Encyclopaedia of Estrildid Finches by Mastthew M Vriends & Tanya M. Heming-Vriends. Hancock House Publishers http://www.hancockhouse.com ISBN 0888394934 8.5x11 ins Hard Cover 256 pp 48 page colour [400 photographs] section. $60
I am a birder and no lover of caged birds – I have often quoted the line a robin redbreast in a cage, puts all heaven in a rage and was surprised to find this quote in the front pages alongside one from Peter Scott saying how well-looked-after birds have happy (and longer) lives compared with the wild. I`m not converted but still found this book useful on a number of levels.
The colour photos are very fine not least because they are of captive and relatively tame birds. This means they are well presented and in profile making comparison easy. This overcomes the major problem of photographic guides where one is supposed to compare similar birds photographed at very different angles and in a variety of postures. The colour is brilliant and as far as my limited knowledge goes true.
There is a long section of the keeping of the birds and their breeding etc. and even this is of use to serious ornithologists who need such knowledge to make captive breeding programmes successful for endangered birds.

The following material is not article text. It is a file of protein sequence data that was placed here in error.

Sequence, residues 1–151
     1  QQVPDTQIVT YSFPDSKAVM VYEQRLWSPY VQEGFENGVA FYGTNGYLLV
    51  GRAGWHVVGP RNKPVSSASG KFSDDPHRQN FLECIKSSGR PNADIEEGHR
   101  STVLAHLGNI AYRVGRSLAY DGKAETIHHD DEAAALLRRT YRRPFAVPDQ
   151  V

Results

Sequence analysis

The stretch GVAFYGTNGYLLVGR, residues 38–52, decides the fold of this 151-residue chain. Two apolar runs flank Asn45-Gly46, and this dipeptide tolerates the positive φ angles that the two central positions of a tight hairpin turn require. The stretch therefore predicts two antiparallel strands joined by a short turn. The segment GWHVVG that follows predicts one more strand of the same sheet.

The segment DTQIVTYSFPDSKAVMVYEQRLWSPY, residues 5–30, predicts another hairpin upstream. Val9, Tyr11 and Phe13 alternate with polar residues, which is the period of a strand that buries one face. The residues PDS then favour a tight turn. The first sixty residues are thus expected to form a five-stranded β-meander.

However, it is the species accounts and overview that was of most interest to me. Its odd to see it from the viewpoint of someone just as keen on birds but with a very different set of needs and enthusiasms. Moreover, the accounts are very clear and contain virtually all the information of more serious works. Writers of family accounts could learn a great deal from this approach – simple, but by no means simplistic. The taxonomical info is as good (or in some cases better) than many family accounts and the descriptions are, largely better!
So what use is it to those of us who want to see our birds in the wild going about their everyday business? Well, quite a lot really. For a start many caged birds escape to confuse or excite the twitchers among us. They are not all bog standard birds but many display the characteristics of captive bred birds and variations not found in the wild. This may be the ONLY source of good ID for such escapees.
What is more the book is a great general guide to the family concerned as the accounts are so easy to read and not as turgid as many ornithological texts. The vast majority of birders will find this much easier going than a more learned tome.
I may not have been converted
to the hobby of keeping caged birds and the terrible trade in birds taken from the wild, but I am converted to the reading material
that supports ethical bird keepers.
Created: 13th Jul 2002
back to the top of this page
|Site developed by
|This site was last updated on Wednesday, 30th March 2005.|
|Fatbirder is best viewed with a screen resolution of 800x600 or greater using Netscape v4+ or Internet Explorer v4+
Feedback/Contact/Advertising Info ::